Meet the candidates for Wisconsin’s Senate District 26

MADISON, Wis. Seven Democrats are running to replace outgoing Democratic state Sen. Fred Risser in the August primary, and with no Republican or Independent challenger in November, the winner in a few weeks will likely take office.

26th District

The candidates are Aisha Moe, a recent college graduate and field organizer for the Democratic Party of Wisconsin; Nada Elmikashfi, a former staffer for Gov. Tony Evers; Amani Burris , a small business owner and former field organizer for the Democratic Party of Wisconsin; Brian Benford, a former Madison alderperson and success coach for the UW-Madison Odyssey Project; Kelda Roys, a small business owner and former state representative; William Davis III; and John Imes, the executive director of Wisconsin Environmental Initiative.

News 3 Now asked the candidates about what sets them apart, handling the pandemic, policing reform and working across the aisle and with a limited budget.

Moe’s platform focused on climate change, student debt and social justice, and she said when it comes to policing the state should put resources in other community tools as well.

“Instead of putting all this pressure on our police force, what we need to be doing is sort of taking the pressure away so they can focus on keeping our communities safe and doing that in the very specific way that they know how to,” she said. “And let the social workers keep the community safe in the way they know how to, and letting educators have access to the things they know how to do to make children feel safe.”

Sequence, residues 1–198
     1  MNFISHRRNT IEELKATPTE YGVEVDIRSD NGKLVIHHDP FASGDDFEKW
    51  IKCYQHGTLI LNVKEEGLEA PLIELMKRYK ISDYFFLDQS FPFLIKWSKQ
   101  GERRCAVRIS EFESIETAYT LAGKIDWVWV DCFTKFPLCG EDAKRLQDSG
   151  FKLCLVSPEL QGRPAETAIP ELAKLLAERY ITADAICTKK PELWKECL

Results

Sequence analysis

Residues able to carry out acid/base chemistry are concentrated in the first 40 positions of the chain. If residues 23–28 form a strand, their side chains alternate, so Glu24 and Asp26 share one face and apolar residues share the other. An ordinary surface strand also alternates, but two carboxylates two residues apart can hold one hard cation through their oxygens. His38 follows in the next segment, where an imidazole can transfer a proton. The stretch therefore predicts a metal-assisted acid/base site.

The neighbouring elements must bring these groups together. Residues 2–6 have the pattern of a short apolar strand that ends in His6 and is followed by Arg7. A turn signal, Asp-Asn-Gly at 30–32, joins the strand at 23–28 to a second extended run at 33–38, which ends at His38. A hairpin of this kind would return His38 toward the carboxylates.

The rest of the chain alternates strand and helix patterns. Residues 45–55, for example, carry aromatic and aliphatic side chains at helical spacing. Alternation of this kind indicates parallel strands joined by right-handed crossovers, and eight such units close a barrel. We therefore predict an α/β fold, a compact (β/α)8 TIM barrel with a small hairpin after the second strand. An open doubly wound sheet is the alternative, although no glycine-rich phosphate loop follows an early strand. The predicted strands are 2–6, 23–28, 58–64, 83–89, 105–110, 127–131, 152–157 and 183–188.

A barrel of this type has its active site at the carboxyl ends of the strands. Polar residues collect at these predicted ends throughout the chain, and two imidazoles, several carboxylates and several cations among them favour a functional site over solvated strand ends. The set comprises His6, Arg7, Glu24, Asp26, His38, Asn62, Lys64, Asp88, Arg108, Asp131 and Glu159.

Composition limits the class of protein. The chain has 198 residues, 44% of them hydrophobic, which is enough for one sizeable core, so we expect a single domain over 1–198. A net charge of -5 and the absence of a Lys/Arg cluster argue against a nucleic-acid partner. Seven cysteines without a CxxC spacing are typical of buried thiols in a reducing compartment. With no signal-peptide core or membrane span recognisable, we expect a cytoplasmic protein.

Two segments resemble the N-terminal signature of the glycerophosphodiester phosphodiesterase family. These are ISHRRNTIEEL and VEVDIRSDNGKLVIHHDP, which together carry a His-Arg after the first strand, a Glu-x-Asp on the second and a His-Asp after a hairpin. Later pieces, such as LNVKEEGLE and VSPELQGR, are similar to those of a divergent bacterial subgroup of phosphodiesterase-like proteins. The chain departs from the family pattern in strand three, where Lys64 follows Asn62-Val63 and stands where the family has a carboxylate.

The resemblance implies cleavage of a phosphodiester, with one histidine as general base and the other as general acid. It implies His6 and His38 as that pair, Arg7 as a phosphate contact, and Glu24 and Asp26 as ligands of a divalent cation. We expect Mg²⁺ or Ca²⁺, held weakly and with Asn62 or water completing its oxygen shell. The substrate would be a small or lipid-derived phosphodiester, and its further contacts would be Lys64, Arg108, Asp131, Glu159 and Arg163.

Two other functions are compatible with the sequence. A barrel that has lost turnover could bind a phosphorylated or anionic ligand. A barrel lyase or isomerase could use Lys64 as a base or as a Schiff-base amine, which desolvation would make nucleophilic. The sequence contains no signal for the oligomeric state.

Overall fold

Elmikashfi also made social justice a key part of her platform, also looking at income inequality, affordable housing and education. She said she decided to run because she saw a gap in leadership.

“I saw many communities in the city that were not reached out to, that were not asked ‘How are you doing?’ or ‘What can we do to help you?’” she said.

Burris said her campaign is about being united in our differences, and she said her experience working for the Democratic Party of Wisconsin in conservative Waukesha help her find common ground with others.

“How we get away from the political spectrum, the tug of war is we have conversations,” she said. “It’s going to be done in conversation. It’s going to be listening. And it’s going to be listening to people that we don’t agree with.”

Benford said he is running to fight for economic, racial and environmental justice for all Wisconsinites. He said he agrees with how Evers has handled the pandemic.

“We really have to follow the medical science,” he said. “That’s the number one practical way of getting out of COVID-19. It’s not through government policies; it’s not through anything other than following the visceral, practical science that’s been laid out.”

Roys is the only candidate running who has experience in the state Legislature, having served as a representative for Madison from 2008 to 2013.

“We want people who know what the job is,” she said. “It actually is pretty hard to make progressive policy into law when Republicans have gerrymandered our state beyond recognition, but that’s something I’ve been able to do again and again in my career.”

Imes said he is a progressive with a focus on climate policy. He picked up the endorsement of Tia Nelson, the daughter of former Gov. Gaylord Nelson, but he said his economic background will set him apart. He said he supports police reform.

“I support justice in policing. I support what the governor proposed, banning chokeholds and no-knock searches and all the things that are there. I’d like to see more there on racial profiling. I’d like to see a requirement for police to have body cameras.”

Davis did not return a request for comment. The primary is scheduled for Aug. 11.